On June 9, 2012, dOCUMENTA (13) will open to the public in Kassel. Since it was established in 1955, documenta has been regarded as a key international exhibition of contemporary art worldwide and a moment of reflection on the relationship between art and society. It takes place every five years, and runs for 100 days.
In 2012, over 160 artists and other participants from around the world will meet and present a variety of artistic practices, including sculpture, performance, installation, research and archiving, painting, photography, film, curatorial, text-based and audio works as well as other experiments in the fields of aesthetics, art, politics, literature, science, and ecology. For the Artistic Director Carolyn Christov-Bakargiev, dOCUMENTA (13) is a form of inquiry and indulgence in materials. Her intuitive approach resembles that of the artists and other participants she has chosen to work with. Thus, the 13th edition of documenta will be a surprising stage to present questions that shape our notion of life in the present.
This exhibition speaks about the uniqueness of our relationship with objects and our fascination with them. It explores the individual and troubled histories of these objects, and their shifting connotations. The materials of these objects are earthly: from solid carved stone to ceramics (permanent yet breakable). There are eccentric, precarious, and fragile objects, ancient and contemporary objects, innocent objects and objects that have lost something; destroyed objects, damaged objects and indestructible objects, stolen objects, hidden or disguised objects, objects on retreat, objects in refuge, traumatized objects. The “riddle” of dOCUMENTA (13) is a paradox, a space of many secrets, a space of violence, and a space of potential healing.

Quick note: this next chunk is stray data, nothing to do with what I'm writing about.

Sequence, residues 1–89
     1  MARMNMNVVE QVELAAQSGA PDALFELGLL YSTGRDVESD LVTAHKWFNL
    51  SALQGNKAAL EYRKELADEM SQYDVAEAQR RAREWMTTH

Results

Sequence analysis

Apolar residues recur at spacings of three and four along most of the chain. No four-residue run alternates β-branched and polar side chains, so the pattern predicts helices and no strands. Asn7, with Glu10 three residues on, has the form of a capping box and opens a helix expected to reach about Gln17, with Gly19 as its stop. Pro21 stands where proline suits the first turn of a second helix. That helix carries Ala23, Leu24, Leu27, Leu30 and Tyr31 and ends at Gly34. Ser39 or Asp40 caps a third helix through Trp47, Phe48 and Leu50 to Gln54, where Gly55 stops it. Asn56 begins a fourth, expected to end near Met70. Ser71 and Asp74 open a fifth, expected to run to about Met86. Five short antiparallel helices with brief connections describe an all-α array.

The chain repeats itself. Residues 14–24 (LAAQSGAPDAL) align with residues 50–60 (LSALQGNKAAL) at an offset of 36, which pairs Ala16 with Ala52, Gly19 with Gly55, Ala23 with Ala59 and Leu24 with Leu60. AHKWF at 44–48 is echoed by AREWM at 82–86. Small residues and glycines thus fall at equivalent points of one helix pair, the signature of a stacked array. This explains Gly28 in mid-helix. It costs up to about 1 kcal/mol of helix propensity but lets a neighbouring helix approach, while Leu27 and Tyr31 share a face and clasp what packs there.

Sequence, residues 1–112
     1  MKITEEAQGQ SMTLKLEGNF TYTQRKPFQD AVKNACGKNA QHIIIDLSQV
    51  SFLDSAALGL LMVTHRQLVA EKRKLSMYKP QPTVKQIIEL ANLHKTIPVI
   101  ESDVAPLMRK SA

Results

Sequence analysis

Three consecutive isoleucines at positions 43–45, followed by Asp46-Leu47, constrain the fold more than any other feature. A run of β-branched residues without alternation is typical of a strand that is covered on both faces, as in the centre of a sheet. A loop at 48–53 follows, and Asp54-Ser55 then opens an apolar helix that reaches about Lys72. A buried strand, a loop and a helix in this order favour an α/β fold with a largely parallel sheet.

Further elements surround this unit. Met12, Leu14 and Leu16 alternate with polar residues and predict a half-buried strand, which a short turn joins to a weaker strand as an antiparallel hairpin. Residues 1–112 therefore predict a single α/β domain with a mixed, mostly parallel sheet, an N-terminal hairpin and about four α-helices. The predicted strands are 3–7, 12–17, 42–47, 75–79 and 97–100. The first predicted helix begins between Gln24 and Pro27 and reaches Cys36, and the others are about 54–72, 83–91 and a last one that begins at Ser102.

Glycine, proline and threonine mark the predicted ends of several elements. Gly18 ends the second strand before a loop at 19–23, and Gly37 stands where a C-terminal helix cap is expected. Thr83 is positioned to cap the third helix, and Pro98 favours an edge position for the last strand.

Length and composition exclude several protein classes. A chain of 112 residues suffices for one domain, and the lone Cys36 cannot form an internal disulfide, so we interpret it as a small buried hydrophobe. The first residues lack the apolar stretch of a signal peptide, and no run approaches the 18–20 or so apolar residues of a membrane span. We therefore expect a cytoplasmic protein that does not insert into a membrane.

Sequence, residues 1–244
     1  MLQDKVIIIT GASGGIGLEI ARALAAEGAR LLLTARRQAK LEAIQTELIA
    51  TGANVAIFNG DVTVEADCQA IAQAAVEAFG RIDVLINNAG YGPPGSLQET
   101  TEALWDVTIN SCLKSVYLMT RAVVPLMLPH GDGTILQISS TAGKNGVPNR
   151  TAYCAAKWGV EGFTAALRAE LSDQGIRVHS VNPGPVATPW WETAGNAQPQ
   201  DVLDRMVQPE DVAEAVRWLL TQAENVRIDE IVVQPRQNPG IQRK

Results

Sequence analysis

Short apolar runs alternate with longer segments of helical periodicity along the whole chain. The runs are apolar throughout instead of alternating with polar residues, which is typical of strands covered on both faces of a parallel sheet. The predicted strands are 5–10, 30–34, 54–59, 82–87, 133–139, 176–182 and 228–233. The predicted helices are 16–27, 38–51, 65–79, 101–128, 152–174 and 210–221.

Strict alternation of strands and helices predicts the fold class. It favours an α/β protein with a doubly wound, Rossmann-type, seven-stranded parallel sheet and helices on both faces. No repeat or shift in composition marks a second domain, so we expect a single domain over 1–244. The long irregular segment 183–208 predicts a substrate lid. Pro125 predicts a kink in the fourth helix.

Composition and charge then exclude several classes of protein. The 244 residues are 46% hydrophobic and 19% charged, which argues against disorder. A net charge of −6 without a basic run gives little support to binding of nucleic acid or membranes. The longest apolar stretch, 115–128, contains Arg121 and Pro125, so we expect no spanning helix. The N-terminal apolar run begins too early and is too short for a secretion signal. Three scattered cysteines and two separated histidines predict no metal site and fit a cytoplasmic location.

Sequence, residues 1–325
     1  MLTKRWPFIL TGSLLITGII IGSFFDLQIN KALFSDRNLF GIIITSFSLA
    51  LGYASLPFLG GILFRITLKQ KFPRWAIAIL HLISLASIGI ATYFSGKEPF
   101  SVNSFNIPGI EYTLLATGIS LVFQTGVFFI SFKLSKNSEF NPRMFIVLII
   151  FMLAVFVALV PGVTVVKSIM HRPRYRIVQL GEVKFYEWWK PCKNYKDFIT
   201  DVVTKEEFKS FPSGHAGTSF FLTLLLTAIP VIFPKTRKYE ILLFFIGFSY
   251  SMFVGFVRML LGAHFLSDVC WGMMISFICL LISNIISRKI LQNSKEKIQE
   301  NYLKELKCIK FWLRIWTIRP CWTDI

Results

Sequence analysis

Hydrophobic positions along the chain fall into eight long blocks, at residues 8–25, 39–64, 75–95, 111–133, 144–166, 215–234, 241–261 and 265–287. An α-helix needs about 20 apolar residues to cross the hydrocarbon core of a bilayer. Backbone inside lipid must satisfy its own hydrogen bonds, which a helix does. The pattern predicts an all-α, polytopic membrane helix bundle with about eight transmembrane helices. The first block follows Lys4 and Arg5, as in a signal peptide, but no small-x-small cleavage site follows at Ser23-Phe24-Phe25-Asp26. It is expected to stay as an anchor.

dOCUMENTA (13) is offering a variety of activities for different groups of people to engage with the project, learn about it and question its diverse aspects and meanings.
Embedded in the overall speculative approach of dOCUMENTA (13), in the connectivity of different knowledges, and in the specific histories of educational endeavors in the discourses of art and science, these activities are called “Maybe Education and Public Programs”. “Maybe” names not a lack, nor a disenchantment, but the tension needed to maintain a state of imagination capable of inhabiting the possible.
Thus the Maybe Education and Public Programs of dOCUMENTA (13) are conceived around attentiveness to the many forms research takes inside art, language, matter, form and experience. A multiplicity of artists led activities, a series of congresses and talks, a film program, activities specifically keyed towards children and schools, and a series of guided thematic tours through the exhibition called “dTOURS” are intitiated to enact forms of significance that surpass the disciplines.
The dTOURS of dOCUMENTA (13) last 2 hours each. They will be led by trained personnel called “Worldly Companions”, mainly from Kassel and with different backgrounds and knowledges, and including people of different generations. These dTOURS will depart from a particular venue of the exhibition and address the subjects that are predominant in the works of art shown there. For example, how would a gardener of the Auepark inspire and frame a dTOUR through the many artworks in the park? In addition to that, there will be series of special dTOURS, allowing for other logics and different kinds of experiences, such as an 'endurance' dTOUR.
Julia Moritz, Head of Maybe Education and Public Programs
03 MAY 2011 /
the utopian dream and its unexpected side effects
By MOON KYUNGWON & JEON JOONHO